Saturday's stage collapse at the Indiana State Fair was clearly a tragedy, but according to a Weather Channel Meteorologist, it was no fluke.
Tim Ballisty, an Editorial Meteorologist for the Weather Channel, writes a very strong argument supporting his assessment.
In a recent AP article, Governor Mitch Daniels of Indiana was quoted as saying that the blast of wind that toppled the stage rigging at the Indiana State Fair killing 5 people was a "fluke event".
A "fluke" by definition is an unlikely chance occurrence. The destructive and deadly wind gust on Saturday evening in Indianapolis was no chance occurrence.
Let's stop bucketing meteorology and weather in general into some magical mystery science that can't be explained. When a tragic accident due to existing extreme weather conditions occurs, there is a notion to just throw your hands up in the air and say, "well, nothing could have been done to avoid this" or "nobody could have seen this coming" or "it was just a damn fluke". In many instances, that just simply is not the case and it wasn't the case in the tragedy at the Indiana State Fairgrounds. Powerful, damaging winds were a known threat several days before and during the minutes leading up to the stage collapse.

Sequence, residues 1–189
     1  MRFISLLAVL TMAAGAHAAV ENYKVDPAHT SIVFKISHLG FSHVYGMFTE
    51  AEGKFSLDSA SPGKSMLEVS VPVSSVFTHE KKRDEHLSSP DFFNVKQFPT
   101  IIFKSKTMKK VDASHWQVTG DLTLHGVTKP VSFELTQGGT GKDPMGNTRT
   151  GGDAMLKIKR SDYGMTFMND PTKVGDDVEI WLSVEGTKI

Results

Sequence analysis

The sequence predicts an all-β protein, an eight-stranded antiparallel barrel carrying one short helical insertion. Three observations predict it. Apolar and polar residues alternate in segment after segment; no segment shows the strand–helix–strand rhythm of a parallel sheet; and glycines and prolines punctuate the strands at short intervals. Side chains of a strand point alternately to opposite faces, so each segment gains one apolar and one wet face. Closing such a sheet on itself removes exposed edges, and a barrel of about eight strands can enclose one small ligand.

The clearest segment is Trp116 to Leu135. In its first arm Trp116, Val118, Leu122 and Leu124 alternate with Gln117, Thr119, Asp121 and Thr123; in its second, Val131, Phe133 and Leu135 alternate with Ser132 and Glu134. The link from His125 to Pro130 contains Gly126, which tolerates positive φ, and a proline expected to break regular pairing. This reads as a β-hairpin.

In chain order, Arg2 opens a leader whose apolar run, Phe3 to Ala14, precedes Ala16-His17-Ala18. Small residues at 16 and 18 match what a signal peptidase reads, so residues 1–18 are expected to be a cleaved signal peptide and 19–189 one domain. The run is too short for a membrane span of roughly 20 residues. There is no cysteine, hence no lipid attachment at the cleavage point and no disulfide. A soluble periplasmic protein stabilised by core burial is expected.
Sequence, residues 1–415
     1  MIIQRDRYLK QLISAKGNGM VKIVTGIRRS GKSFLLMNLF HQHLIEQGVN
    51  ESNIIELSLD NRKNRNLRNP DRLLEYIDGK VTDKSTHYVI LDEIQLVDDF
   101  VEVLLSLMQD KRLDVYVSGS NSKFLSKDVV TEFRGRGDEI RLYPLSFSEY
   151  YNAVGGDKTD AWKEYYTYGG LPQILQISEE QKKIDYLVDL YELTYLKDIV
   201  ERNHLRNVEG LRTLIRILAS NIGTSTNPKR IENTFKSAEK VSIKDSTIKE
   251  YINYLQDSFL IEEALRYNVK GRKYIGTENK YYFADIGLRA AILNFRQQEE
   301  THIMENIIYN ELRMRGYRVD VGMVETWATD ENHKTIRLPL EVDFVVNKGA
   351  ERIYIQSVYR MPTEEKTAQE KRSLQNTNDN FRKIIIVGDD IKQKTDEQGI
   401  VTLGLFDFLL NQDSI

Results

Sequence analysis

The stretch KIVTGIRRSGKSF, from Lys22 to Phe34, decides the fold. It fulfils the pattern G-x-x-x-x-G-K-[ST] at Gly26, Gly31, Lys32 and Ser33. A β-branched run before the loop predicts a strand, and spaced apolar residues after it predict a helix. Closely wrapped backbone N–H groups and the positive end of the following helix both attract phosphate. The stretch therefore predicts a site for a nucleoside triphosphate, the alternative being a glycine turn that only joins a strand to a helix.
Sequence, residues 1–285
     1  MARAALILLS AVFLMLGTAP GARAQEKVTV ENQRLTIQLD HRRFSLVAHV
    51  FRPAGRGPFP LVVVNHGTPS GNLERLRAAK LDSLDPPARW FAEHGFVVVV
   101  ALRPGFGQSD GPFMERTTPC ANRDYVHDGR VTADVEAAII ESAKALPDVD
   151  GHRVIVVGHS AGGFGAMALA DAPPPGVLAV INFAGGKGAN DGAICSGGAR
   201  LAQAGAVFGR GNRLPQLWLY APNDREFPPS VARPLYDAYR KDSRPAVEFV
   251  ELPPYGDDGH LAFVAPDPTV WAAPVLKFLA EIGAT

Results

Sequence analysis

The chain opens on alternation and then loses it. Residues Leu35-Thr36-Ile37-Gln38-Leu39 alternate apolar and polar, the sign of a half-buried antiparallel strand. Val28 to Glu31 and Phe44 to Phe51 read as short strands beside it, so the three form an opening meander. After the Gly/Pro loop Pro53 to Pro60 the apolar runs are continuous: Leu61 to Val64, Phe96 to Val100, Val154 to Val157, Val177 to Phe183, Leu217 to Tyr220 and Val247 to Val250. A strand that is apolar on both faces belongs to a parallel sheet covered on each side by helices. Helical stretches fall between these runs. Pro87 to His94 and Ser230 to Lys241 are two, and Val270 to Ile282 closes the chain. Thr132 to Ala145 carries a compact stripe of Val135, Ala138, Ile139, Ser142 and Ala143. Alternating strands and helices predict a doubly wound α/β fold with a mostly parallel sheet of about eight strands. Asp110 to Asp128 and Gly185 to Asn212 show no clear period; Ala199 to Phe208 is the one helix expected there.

The piece, linked here, goes on to lay out in detail the facts behind his argument. Besides the soundness of the canopy over the stage, the reaction of organizers to the approaching weather will no doubt be part of any potential lawsuits, and any potential efforts to paint this as anything other than normal Indiana summer weather will meet this strong challenge that Ballisty articulates in his piece.
I am not making this political. In fact, I think Governor Mitch Daniels has showed a very human side in his reaction to this tragedy. His words have been heartfelt, and it was truly touching when he nearly choked up when talking about how proud he was to be the Governor of Indiana at the memorial service.
With that said, it's clear to this Weather Channel meteorologist that the Governor's assessment of this as a "fluke event" is just not accurate.